As oral health prevention specialists, dental hygienists have a keen appreciation of the prevention armamentarium of which therapeutic agents are a vital component. They are especially critical for patients at high risk of disease and those with limited access to dental care. Fluoride varnish (5% sodium fluoride), in particular, has been used extensively in both public and private dental settings. It is considered a safe agent for the delivery of fluoride ions to the enamel and dentin, resulting in remineralization of tooth structure, reduction of caries risk, and treatment of dentinal hypersensitivity.1
The United States Food and Drug Administration’s (FDA) official labeled use for 5% sodium fluoride varnish is as a “cavity liner and/or dentinal desensitizer,” and application for caries prevention and remineralization of incipient lesions in the enamel is considered off-label use.2 Off-label drug use involves prescribing medications for an indication in which the drug/device has not received FDA approval.3 Fluoride varnish, classified as a Class II medical device, can be used for treatment indications that are not included in the product’s approved labeling. Its use for off-label purposes is dependent on clinicians’ professional judgment.2,3 According to the American Academy of Pediatrics, the labeling is not intended to interfere with oral health professionals using their clinical judgment to provide the best possible care to patients or to add liability for off-label use.4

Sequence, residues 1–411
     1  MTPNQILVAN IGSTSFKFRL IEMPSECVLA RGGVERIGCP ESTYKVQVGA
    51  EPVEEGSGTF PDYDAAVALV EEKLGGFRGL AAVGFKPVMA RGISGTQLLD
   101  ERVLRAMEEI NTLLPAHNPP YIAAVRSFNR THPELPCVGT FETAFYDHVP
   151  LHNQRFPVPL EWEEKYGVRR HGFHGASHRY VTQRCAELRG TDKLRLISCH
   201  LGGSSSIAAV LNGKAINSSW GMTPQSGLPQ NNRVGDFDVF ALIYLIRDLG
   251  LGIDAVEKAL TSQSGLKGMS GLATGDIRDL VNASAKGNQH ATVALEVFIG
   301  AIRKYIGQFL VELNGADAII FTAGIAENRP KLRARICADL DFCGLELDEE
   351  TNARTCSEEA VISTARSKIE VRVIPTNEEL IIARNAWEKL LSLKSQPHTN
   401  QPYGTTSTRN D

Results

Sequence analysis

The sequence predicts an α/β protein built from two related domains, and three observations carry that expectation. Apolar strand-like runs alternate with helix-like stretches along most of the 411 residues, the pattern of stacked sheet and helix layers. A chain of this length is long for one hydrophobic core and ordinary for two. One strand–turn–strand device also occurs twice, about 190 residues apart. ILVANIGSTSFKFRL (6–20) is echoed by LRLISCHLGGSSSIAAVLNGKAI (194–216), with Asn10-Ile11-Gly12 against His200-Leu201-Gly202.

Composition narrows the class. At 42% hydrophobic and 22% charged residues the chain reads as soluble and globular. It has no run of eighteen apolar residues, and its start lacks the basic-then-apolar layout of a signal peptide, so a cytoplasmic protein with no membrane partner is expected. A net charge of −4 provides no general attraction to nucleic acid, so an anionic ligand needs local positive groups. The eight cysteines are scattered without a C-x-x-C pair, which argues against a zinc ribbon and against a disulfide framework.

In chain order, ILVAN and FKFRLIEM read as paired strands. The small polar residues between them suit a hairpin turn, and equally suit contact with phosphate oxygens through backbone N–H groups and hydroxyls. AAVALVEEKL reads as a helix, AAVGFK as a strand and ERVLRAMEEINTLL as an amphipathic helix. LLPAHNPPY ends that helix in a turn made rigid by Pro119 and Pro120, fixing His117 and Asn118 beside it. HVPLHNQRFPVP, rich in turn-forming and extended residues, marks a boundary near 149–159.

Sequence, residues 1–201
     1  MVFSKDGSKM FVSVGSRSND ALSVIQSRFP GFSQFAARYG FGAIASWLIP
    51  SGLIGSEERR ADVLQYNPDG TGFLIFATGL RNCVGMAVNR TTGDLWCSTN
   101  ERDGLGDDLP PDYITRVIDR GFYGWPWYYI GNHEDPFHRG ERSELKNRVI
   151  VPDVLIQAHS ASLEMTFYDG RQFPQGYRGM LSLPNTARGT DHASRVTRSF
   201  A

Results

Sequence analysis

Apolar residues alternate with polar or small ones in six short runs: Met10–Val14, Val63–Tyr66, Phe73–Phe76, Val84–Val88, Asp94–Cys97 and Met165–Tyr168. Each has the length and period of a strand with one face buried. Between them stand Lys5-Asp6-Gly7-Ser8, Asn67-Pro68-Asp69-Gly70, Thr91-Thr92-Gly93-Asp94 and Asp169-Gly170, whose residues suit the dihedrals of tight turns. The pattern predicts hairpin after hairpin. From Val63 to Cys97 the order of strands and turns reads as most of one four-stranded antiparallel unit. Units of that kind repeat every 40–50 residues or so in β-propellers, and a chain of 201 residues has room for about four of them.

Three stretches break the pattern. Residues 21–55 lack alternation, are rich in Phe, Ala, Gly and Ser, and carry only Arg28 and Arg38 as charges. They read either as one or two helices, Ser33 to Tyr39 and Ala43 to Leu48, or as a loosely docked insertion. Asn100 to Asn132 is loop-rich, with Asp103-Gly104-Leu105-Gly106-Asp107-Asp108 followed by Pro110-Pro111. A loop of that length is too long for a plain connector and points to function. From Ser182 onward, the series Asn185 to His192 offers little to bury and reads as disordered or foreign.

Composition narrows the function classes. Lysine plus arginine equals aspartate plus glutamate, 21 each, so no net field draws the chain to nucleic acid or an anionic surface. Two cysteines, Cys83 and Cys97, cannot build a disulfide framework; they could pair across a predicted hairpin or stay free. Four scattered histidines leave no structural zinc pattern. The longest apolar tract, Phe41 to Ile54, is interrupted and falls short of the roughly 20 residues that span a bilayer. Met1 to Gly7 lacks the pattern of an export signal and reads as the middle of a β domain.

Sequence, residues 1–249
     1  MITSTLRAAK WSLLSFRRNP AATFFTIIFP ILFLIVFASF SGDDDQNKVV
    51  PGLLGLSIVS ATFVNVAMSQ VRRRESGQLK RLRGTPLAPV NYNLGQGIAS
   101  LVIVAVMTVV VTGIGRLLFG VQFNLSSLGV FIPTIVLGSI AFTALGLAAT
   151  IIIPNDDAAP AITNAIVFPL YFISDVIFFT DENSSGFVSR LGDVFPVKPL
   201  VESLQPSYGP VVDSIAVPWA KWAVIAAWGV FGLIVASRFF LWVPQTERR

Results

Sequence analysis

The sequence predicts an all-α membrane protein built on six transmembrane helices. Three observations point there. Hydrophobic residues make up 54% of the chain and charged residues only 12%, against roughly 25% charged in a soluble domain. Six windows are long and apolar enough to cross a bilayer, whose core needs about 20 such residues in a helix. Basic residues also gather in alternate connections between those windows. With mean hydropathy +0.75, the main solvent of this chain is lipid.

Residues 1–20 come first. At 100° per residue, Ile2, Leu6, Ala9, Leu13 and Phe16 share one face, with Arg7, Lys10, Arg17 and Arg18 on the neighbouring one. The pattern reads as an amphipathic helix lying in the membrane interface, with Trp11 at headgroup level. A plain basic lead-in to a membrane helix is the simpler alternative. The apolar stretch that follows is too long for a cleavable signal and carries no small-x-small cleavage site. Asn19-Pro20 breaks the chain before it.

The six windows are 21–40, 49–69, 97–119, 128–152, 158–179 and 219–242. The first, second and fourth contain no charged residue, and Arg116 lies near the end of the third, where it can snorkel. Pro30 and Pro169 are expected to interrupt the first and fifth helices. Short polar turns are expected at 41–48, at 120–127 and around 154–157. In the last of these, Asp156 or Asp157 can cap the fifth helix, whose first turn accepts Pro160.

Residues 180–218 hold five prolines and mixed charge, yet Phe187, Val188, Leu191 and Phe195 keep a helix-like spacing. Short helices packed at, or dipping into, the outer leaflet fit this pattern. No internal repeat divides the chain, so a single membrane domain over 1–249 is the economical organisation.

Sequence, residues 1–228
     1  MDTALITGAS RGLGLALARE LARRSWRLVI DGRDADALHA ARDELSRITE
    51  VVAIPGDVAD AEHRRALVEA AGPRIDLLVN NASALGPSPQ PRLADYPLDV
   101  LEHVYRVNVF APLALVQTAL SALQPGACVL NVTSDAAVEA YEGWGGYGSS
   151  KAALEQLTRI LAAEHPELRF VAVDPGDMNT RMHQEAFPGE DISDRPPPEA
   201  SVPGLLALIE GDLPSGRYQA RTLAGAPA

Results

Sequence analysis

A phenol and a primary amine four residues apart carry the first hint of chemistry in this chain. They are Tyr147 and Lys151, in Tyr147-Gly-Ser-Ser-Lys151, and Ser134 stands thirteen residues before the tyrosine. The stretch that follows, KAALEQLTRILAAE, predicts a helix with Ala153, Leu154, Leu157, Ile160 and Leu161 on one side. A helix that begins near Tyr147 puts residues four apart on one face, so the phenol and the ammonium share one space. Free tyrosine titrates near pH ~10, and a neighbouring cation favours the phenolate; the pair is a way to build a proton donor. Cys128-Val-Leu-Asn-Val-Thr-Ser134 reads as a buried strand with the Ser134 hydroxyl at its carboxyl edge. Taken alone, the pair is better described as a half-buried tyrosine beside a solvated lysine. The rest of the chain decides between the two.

Off-label use also is a consideration with another oral therapeutic/preventive medicament—silver diamine fluoride. This clinically applied treatment has been shown to arrest active dentinal and enamel caries, aid in preventing further progression of the disease, and decrease dentinal hypersensitivity.5–7 Silver diamine fluoride (SDF) has been used in other countries for decades, but it was not cleared for use in the US until August 2014. The FDA classified 38% silver diamine fluoride as a fluoride and cleared its use as a Class II medical device—the same as 5% sodium fluoride varnish. Its labeled approval is for the treatment of dentinal hypersensitivity. Silver diamine fluoride became commercially available in the US in April 2015.
The most widely accepted explanation of dentinal hypersensitivity is the hydrodynamic theory, in which pain results from fluid within the dentinal tubules either contracting or expanding, causing a nerve response from the cells lining the pulpal wall. This sensitivity manifests as a sharp, brief pain and is most commonly triggered by changes in temperature, chemical, osmotic, evaporative, and tactile stimuli. Habits such as drinking cold beverages and eating acidic foods are the most commonly identified causes. Common treatment options include occluding the dentinal tubules, which are usually 0.5 microns to 2 microns in diameter, or lowering the nerve excitability threshold.8